Newspaper article The Florida Times Union

Younger Alzheimer's Victims Find Less Aid, Fewer Services

Newspaper article The Florida Times Union

Younger Alzheimer's Victims Find Less Aid, Fewer Services

Article excerpt

MIAMI -- The Alzheimer's Association, which traditionally has focused on the millions of senior citizens with Alzheimer's disease, now has another concern: the hundreds of thousands of people under age 65 stricken by the debilitating brain disorder.

While the disease has always claimed many middle-age victims, their needs are eclipsed by seniors, who can participate in a host of programs funded by the Older Americans Act. The federal funds help only those older than 60.

Larry De Vico, whose 54-year-old wife, Maryann, was diagnosed with Alzheimer's disease two years ago, says that is age discrimination.

The De Vicos face a double whammy typical to early-onset Alzheimer's disease, which occurs in people under 65. The disease sidelined Maryann's ability to hold a job, leaving Larry, who works at an auto air-conditioning shop, to pay all the bills.

The Alzheimer's Association concedes that more needs to be done for the early-onset population -- estimated at anywhere from 200,000 to 400,000, 5 percent to 10 percent of all those diagnosed with the disease.

For Larry De Vico, finding affordable day care for Maryann has proved a challenge. If she were older than 60, she'd be eligible for free services under the Older Americans Act. Instead, the couple is looking at an $800 monthly day-care bill, about half of De Vico's monthly income.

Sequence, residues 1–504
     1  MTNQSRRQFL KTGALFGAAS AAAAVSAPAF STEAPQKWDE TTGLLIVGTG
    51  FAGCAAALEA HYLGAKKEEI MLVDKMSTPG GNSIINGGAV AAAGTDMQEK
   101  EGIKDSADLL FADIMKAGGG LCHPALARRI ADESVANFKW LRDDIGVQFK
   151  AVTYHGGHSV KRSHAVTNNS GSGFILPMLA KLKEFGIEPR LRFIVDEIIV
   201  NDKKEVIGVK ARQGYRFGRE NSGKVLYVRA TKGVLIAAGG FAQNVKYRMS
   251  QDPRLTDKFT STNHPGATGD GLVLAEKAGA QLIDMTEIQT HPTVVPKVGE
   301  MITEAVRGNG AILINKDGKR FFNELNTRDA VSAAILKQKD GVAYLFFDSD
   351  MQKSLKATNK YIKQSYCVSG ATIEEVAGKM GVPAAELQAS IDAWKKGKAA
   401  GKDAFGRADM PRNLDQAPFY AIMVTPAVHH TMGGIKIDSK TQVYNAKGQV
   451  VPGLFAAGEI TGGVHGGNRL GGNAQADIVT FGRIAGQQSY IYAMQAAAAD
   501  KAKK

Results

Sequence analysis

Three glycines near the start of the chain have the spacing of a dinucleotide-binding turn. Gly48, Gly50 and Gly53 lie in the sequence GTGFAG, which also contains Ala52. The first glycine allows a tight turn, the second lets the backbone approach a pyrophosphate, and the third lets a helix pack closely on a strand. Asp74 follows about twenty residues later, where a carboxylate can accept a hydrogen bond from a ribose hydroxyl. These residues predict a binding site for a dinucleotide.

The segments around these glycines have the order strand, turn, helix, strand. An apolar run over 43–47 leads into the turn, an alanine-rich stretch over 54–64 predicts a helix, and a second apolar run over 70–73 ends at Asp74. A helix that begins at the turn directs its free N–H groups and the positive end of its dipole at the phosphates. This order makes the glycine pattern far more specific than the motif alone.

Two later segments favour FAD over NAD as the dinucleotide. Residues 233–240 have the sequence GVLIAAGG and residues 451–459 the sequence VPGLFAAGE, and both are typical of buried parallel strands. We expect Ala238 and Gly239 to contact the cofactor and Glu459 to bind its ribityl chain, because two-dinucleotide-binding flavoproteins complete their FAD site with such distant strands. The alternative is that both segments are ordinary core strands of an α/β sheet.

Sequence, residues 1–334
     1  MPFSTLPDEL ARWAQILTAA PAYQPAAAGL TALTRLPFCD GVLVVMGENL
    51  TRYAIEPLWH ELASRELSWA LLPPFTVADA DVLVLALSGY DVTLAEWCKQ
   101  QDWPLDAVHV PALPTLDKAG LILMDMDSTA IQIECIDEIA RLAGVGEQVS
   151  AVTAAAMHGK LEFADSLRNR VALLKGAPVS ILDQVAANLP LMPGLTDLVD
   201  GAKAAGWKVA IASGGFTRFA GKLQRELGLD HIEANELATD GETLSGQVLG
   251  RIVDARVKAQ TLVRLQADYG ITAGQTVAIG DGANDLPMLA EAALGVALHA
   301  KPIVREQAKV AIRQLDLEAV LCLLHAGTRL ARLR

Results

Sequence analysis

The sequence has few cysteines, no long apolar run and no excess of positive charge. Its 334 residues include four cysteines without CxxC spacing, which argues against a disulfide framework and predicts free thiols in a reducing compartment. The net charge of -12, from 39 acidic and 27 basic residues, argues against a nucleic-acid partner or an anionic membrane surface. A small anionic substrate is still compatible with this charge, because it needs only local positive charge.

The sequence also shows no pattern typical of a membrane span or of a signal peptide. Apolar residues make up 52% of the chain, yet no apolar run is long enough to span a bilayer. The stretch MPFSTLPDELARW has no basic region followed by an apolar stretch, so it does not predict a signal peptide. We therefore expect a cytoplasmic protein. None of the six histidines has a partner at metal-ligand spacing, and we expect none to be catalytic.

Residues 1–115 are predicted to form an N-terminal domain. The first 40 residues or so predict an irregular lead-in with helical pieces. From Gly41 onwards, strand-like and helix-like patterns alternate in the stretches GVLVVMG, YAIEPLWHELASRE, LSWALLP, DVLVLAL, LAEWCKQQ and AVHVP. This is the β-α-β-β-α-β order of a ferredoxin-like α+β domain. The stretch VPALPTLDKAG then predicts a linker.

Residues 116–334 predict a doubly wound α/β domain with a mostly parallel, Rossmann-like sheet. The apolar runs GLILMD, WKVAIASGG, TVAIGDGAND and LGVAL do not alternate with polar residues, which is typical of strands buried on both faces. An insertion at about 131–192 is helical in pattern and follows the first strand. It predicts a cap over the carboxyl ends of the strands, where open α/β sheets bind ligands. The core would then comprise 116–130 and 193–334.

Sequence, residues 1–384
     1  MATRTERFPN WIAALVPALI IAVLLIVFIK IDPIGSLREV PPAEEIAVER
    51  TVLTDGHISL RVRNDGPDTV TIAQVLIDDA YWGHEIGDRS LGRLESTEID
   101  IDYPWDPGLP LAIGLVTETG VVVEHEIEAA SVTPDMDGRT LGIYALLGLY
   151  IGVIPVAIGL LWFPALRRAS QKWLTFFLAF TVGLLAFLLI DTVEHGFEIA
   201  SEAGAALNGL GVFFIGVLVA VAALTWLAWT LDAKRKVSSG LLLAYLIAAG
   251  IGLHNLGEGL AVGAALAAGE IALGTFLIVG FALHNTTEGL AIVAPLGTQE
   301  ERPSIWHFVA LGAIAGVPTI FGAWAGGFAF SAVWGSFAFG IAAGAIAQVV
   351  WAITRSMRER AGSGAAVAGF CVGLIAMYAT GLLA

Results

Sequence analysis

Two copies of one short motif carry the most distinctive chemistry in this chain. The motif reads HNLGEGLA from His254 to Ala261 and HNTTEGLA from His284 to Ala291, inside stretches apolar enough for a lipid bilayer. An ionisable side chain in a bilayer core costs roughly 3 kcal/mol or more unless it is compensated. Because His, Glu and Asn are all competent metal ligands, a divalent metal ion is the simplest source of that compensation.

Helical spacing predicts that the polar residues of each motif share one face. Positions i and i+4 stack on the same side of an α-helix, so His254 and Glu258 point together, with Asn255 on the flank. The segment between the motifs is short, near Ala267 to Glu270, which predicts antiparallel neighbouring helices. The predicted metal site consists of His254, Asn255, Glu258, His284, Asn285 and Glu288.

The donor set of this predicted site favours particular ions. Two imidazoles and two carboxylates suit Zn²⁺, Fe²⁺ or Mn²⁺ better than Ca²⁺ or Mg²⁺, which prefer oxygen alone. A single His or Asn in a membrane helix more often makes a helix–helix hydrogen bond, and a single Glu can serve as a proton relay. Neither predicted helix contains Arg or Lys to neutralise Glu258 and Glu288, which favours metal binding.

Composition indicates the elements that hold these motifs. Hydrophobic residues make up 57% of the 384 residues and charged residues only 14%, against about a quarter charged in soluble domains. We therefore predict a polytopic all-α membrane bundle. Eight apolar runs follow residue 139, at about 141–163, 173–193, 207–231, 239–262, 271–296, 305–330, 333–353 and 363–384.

"I'm between a rock and a hard place now," the Davie resident said. "There's a limit to what you can do in life on your own."

With techniques for diagnosing the disease improving, the early-onset population is only likely to grow.

"We're really just getting to understand what the issues are for these individuals and their families," said Kara Albisu, a director in the program services division of the national Alzheimer's Association, based in Chicago.

Alzheimer's disease first entered the public consciousness with stories like those of the De Vicos -- couples devastated in middle age by the untimely appearance of what looked to be senile dementia. As neurologists realized that this biological process mirrored that of senility, Alzheimer's disease morphed from an anomaly of middle age into a public health problem.

Estimates suggest that about 4 million people have Alzheimer's disease, with about 404,000 cases in Florida. Because the incidence of the disease increases with age, about half of people older than 85 are affected by Alzheimer's disease. By 2050, about 14 million people are expected to have the disease.

The Older Americans Act uses federal funds to help respite programs for seniors, such as in-home services and adult day care, which serve people with Alzheimer's disease as well as other seniors. People who do not meet the age requirement also can participate if they pay their own expenses. …

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